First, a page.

The different internal moral lives invoked by these theories mean that each of us is, to some extent at least, capable of reflecting on our own introspections, and seeing how far they ratify each theory. As such, if your internal life gels with Kant’s ideas about rational autonomy reigning supreme over the vagaries of human emotion, then you are bound to sympathize with his moral theory. Alternatively, if your introspections dovetail more with Hume’s lauding of emotion and empathy over the rationalist disputations, then you are likely to warm to his account of moral psychology.
These historic differences play out in our contemporary world. When I lecture on different moral theories, it always strikes me how immediately enthusiastic some students are for a particular moral perspective, and how indifferent they appear towards the alternatives. Sometimes, it can feel like half the class sparks into life when we discuss Aristotle, and then doze off when we get to Hobbes or Kant – when another group suddenly becomes engaged. No doubt some of these variable reactions reflect the students’ estimation of each thinker’s larger philosophical arguments. But often, the different evaluations seem quite independent of – and prior to – their analysis of the deeper philosophical fundaments. Instead, it is as if certain types of moral perspectives just make more sense. They match up with what each student feels ethical life is all about.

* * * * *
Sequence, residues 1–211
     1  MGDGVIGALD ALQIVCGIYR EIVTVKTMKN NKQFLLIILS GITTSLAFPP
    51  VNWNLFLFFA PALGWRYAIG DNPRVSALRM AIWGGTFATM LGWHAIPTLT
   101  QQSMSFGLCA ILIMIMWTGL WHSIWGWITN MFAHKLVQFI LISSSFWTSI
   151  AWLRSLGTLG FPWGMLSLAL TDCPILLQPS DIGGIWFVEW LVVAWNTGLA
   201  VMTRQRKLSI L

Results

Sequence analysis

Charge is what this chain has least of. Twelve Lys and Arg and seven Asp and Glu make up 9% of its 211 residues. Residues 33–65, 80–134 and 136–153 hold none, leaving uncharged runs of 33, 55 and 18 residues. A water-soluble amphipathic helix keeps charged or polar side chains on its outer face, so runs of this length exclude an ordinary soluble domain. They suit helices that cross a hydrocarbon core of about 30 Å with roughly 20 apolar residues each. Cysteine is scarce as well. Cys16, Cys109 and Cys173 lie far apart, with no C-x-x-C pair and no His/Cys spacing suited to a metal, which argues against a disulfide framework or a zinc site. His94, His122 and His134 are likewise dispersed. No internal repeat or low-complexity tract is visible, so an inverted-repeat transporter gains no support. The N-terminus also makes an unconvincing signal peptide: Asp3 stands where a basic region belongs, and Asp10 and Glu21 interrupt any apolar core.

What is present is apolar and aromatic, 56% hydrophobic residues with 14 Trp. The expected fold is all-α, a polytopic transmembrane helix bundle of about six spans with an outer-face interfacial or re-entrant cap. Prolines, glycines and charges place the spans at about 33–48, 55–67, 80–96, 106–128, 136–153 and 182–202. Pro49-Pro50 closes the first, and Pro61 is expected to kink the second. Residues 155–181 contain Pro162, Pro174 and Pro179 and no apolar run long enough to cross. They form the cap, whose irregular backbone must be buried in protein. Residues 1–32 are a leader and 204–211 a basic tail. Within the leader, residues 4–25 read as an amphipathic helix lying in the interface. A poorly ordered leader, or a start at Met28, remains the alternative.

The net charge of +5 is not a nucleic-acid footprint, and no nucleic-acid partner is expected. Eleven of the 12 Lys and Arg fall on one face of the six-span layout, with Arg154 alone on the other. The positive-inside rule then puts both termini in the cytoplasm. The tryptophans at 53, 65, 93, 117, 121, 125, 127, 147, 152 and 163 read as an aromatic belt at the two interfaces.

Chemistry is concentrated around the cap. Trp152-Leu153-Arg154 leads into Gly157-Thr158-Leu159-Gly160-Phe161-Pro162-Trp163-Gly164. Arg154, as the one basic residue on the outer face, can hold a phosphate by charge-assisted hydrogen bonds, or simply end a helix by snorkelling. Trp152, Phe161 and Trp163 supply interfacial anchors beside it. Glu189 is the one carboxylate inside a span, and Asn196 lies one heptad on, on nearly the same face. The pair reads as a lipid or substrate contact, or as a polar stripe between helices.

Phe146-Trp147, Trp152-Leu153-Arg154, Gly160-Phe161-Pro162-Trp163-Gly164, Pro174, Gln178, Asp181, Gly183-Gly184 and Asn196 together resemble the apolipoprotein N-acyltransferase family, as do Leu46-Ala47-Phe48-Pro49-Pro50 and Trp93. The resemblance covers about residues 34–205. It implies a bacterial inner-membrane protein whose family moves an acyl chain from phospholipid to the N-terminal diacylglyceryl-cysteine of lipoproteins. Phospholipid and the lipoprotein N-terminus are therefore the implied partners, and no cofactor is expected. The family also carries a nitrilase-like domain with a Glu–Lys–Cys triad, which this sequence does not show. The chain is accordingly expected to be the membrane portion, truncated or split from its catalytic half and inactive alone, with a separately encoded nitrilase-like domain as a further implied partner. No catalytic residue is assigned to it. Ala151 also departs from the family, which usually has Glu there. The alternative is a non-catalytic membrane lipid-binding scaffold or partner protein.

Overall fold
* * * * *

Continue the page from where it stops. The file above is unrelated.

Following this line of thought leads to the hypothesis that perhaps what made these diverse moral theories so popular in their day, and still popular with different parts of my student cohort, was that each managed to describe how morality actually worked in different people. Despite the fact that they all obeyed more or less the same suite of core moral obligations, different people – across the globe and within my lecture room – had personally and culturally distinct motivational structures driving their conscientious moral behaviour. Or so, at least, I argue.